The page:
This Sundance Festival sensation has attracted attention because of its jarring images of Amish kids immersed in debauchery: plain-dressed girls in white bonnets slugging back beers and flicking ashes from their cigarettes, boys passing out in the back of pickups after all-night parties, even Amish teens in bed together. But like a good drama, it's the characters themselves and their heartbreaking dilemma that linger in the mind. In the Amish vernacular, "Devil's Playground" refers to the "English" or outside world. The protected teens are suddenly thrust into this world upon their 16th birthday as they begin "Rumspringa," a period during which they decide whether to join the church as adults. Crystallizing this predicament is the 73-minute documentary's most compelling figure, 18-year-old Faron, a preacher's son fighting drug addiction. His earnest intent to return to the church and astonishing articulateness makes his misadventures in the drug underworld and penal system undeniably poignant.


    F Sheepish posted Mon, 06 Feb 2006 17:55:00 GMT(2/6/2006)

    Post 195 of 211
    Joined 10/15/2005

    We live close to Amish. I shop at an Amish store. They are like everyone else, in that some of them really believe and follow it and feel it in their hearts, and others are just stuck in the community, so they become legalistic etc...

    **side note: not long ago there was a local scandal involving a divorce between an Amish couple...seems he was driving her buggy...sorry...

    metatron posted Mon, 06 Feb 2006 22:32:00 GMT(2/6/2006)

    Post 3444 of 7472
    Joined 4/7/2001

    The Amish will survive whereas the Watchtower will not because they have built up an infrastructure for their subculture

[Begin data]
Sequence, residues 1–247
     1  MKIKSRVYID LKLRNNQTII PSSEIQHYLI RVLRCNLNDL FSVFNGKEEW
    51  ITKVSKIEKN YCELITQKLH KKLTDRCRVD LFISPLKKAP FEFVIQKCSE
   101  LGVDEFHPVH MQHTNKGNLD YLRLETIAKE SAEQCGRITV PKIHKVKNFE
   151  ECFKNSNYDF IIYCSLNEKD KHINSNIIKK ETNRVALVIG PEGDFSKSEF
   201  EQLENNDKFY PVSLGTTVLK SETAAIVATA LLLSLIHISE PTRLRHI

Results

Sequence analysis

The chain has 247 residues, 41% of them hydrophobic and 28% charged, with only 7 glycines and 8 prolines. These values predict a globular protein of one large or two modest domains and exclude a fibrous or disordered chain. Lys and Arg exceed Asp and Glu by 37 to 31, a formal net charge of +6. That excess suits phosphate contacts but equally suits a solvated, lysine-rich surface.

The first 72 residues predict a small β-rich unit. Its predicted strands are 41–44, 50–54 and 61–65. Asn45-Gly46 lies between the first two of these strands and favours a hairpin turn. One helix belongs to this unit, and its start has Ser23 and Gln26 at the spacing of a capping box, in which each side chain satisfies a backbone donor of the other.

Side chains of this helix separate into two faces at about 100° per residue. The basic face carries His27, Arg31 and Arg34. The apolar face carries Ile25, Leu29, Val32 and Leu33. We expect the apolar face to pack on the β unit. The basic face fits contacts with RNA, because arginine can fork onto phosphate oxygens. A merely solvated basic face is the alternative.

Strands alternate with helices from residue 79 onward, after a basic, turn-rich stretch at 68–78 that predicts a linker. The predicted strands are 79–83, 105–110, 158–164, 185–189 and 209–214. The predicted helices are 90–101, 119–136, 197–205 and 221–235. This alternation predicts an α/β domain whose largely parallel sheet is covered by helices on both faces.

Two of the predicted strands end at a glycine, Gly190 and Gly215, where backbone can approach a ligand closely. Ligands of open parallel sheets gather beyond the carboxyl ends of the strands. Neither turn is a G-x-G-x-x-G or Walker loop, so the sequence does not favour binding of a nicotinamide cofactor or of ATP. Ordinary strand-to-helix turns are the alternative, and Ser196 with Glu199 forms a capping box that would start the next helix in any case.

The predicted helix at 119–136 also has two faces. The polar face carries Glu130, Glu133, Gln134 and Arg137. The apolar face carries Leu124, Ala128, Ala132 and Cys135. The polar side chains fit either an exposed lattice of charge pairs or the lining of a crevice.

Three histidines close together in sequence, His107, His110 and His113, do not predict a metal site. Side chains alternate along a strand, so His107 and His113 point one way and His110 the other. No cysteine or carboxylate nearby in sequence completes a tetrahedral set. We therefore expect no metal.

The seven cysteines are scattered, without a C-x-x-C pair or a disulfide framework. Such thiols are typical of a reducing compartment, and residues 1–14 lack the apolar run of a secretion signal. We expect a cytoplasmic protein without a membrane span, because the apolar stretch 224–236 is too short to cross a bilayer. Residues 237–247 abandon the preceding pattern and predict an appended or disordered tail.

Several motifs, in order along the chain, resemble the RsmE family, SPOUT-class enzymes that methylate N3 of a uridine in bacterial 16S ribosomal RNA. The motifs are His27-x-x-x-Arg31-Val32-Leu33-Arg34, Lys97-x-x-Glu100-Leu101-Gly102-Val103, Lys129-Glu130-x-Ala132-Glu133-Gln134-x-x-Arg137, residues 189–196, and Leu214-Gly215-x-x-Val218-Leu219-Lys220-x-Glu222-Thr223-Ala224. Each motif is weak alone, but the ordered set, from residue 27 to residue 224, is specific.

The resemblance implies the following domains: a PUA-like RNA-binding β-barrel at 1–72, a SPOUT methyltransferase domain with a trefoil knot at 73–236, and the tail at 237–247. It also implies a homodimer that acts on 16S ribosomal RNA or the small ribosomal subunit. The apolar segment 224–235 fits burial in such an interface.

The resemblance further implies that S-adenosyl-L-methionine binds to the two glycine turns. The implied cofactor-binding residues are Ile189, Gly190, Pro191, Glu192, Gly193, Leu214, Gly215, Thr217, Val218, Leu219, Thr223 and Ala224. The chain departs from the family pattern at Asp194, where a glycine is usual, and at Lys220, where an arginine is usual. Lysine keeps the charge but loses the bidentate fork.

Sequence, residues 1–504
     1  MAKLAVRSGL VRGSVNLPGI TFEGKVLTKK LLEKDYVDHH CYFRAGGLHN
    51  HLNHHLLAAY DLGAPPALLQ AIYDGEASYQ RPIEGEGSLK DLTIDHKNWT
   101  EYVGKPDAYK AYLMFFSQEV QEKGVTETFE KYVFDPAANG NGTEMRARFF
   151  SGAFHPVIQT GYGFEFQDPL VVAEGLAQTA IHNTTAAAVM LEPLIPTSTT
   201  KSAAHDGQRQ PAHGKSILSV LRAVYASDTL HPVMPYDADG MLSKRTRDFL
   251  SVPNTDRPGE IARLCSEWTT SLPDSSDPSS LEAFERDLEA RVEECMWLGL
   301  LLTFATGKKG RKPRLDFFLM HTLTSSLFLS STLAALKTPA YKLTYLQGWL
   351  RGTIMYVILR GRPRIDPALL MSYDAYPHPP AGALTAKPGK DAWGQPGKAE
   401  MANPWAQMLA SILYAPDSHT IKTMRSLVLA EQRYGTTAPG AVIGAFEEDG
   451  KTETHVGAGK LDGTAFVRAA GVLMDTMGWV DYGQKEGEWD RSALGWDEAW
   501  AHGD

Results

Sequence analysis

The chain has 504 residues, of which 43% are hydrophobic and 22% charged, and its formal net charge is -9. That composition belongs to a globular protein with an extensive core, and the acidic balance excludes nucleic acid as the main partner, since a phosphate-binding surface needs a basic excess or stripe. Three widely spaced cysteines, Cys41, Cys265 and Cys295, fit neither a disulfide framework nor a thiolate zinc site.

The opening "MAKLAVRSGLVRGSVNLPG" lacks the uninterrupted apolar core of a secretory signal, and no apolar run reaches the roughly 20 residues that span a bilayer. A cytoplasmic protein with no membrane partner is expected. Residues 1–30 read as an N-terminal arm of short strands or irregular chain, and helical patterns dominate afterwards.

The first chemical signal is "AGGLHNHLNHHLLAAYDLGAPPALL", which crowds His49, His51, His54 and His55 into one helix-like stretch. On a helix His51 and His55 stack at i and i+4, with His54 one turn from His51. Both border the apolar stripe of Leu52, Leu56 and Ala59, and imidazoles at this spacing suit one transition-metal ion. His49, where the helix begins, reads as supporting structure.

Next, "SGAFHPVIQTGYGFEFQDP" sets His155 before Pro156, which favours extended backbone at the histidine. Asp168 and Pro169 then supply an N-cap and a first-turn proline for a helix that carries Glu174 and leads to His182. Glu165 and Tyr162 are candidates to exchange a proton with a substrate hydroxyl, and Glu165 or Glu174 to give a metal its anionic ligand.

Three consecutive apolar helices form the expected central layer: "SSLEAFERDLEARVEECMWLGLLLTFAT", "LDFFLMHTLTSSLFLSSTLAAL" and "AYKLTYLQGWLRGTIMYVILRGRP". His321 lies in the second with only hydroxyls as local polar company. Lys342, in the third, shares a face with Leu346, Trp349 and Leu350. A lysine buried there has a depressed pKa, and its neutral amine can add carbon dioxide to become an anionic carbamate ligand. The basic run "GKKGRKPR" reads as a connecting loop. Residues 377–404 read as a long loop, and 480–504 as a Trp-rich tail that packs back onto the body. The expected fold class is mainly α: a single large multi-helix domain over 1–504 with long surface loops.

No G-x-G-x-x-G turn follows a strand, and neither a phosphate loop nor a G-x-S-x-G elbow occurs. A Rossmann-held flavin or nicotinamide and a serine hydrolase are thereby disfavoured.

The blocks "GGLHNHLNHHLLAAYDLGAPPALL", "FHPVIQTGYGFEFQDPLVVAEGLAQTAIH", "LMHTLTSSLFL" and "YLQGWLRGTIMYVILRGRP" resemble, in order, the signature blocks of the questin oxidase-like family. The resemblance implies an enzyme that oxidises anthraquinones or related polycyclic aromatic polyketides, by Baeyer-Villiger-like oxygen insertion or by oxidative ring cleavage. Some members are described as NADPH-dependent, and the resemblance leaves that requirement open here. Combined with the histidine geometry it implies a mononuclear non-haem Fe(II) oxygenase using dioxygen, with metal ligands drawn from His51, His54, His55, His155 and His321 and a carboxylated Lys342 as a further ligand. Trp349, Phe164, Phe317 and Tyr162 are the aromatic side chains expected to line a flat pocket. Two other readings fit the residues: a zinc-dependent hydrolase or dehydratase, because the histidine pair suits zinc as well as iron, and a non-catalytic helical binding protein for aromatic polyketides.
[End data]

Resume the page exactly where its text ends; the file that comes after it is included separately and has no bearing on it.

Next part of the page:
while the Watchtower tears down what little infrastructure of support exists for the friends.

    No more food service at assemblies, no subscriptions, reduced Awakes, and now downsizing at Bethel. Imagine playing

    a game of "Jenga" in which you remove blocks, one at a time, until the structure collapses.

    Who's going to still be around in ten or twenty years? Not the organization!


    F blondie posted Mon, 06 Feb 2006 22:47:00 GMT(2/6/2006)

    Post 16252 of 37874
    Joined 5/28/2001

    Metatron, you didn't read those websites very carefully. Don't confuse the Swartzentruber Armish with the other 4 segments. The Swartzenruber consider the other Amish of the Devil.

    Leaving this group that truly isolates people from going to any school with the "English" children is much different from the WTS discouraging college.

    I invite you to look at this man's endeavor to get others out of the Swartzenruber Amish.

    This group most likely are not the Amish many of you are familiar with.


    M Cognitive_Dissident posted Tue, 07 Feb 2006 03:43:00 GMT(2/7/2006)

    Post 163 of 203
    Joined 8/7/2005

    That ordnung is absolutely maddening, and the story is absolutely heartbreaking.

    F serendipity posted Tue, 07 Feb 2006 03:53:00 GMT(2/7/2006)

    Post 905 of 3831
    Joined 11/19/2005

    JWs compare very well to this group.

    F Country Girl posted Thu, 21 Feb 2008 11:12:00 GMT(2/21/2008)

    Post 3304 of 3313
    Joined 7/1/2002

    Thought I'd bring up this old post to point out some help we could offer to Amish children who have suffered abuse. David Yoder is attempting to get 200,000 signatures to help get an initiative on the ballot: The Amish Children's Equal Protection Act, which would give Amish children the same rights as all other children in America, and also serve to protect them under the Child Labor Laws.


    M willyloman posted Thu, 21 Feb 2008 23:03:00 GMT(2/21/2008)

    Post 3102 of 3876
    Joined 6/19/2003

    Remember the quote by Kirstie Alley in that Tim Allen movie about their "liberal ordnung"?